Data Center Frontier’s Editor in Chief Rich Miller and executives from Iron Mountain discuss Ecosystems and the Edge. Watch on demand today!

Workload capacity – The service should have the physical space available to expand without compromising on security, environmental controls or service levels.

Bandwidth – An edge configuration is likely to involve a connection to an internet service provider. Ensure that ample bandwidth and multiple redundant connections are available. Bandwidth should be
over-provisioned so that there is no risk of running up against peak usage thresholds.

Backup/business continuity – Redundant power sources, bandwidth and HVAC systems are factors here. The provider should have plenty of UPS capacity and be willing to provide service-level guarantees.

Ability to support devices in the field – “Remote hands” support in the data center should also extend to the devices you plan to deploy in the field. Make sure the provider has the necessary skills and equipment to fulfill your needs on a schedule that works for you.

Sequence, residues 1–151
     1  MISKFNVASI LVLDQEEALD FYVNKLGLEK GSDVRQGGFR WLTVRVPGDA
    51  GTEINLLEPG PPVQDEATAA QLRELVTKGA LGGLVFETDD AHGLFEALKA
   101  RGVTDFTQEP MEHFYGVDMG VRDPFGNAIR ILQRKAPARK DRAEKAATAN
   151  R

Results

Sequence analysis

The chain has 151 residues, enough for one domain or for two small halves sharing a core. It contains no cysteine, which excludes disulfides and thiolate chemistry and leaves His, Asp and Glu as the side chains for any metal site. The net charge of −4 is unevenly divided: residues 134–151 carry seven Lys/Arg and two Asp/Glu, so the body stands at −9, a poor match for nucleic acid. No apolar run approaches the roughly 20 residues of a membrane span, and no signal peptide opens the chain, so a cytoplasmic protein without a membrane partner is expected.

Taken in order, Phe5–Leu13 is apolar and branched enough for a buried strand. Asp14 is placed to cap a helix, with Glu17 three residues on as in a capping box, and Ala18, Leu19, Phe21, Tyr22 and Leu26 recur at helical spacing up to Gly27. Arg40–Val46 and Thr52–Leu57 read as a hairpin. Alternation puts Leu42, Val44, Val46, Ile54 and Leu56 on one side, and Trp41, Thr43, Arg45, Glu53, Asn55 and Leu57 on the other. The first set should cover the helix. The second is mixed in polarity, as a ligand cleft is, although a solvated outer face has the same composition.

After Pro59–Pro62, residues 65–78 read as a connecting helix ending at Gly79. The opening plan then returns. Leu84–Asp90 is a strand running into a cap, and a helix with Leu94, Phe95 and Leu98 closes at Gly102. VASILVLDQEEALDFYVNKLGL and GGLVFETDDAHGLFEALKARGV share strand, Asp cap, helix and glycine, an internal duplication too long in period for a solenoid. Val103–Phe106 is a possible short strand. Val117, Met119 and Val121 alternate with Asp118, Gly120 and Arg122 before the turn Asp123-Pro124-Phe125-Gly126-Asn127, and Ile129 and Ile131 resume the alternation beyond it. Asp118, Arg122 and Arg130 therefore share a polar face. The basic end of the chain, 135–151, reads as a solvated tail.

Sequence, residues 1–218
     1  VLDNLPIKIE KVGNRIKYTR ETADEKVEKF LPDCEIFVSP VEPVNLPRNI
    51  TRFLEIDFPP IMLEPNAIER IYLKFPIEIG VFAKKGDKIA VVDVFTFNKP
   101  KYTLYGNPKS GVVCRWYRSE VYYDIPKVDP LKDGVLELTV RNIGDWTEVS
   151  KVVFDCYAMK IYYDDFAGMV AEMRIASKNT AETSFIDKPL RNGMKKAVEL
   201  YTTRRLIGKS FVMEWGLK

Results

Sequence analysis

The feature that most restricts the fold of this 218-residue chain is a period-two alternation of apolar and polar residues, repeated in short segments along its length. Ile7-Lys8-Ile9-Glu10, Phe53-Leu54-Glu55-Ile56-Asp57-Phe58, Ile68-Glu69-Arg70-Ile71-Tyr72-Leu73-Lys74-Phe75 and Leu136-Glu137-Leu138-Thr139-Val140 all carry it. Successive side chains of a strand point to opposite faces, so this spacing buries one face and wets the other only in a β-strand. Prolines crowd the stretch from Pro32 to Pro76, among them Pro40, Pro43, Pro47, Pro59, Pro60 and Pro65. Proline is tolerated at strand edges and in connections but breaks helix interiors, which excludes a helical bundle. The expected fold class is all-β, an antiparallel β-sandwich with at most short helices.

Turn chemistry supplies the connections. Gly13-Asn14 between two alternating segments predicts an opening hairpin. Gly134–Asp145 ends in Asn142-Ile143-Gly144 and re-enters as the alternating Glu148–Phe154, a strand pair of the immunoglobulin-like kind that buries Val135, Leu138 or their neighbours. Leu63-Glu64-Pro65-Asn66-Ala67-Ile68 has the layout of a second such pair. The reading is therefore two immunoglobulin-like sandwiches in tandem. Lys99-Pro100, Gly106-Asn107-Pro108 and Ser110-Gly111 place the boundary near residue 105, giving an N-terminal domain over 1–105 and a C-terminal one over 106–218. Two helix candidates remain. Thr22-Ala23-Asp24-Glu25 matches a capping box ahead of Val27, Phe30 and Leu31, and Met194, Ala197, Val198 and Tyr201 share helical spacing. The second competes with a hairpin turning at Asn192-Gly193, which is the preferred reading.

Security – Because co-location facilities are shared by their nature, equipment must be secure. Look for features such as video surveillance, keycard or biometrics access, mantraps and security personnel to regulate site access and locked cages for your owned equipment.

Administration & monitoring – You should have full visibility into the status of your equipment at any time.

Download the full report, “Ecosystems & the Edge: Where the Data Center Becomes a Transactional Marketplace” courtesy of Iron Mountain to learn more about how the edge can help small data centers transform into full-fledged service providers and fuel digital transformation. In our final article, we’ll compare the cloud versus colocation. Catch up on previous articles here and here.

About the Author

Paul Gillin

Paul Gillin is a speaker, writer and technology journalist who has written five books and more than 400 articles on the topic of social media and digital marketing. A technology journalist for 25 years, he has served as Enterprise Editor of the tech news site SiliconAngle since 2014. He was founding editor-in-chief of B2B technology publisher TechTarget, and served as editor-in-chief and executive editor of the technology weekly Computerworld.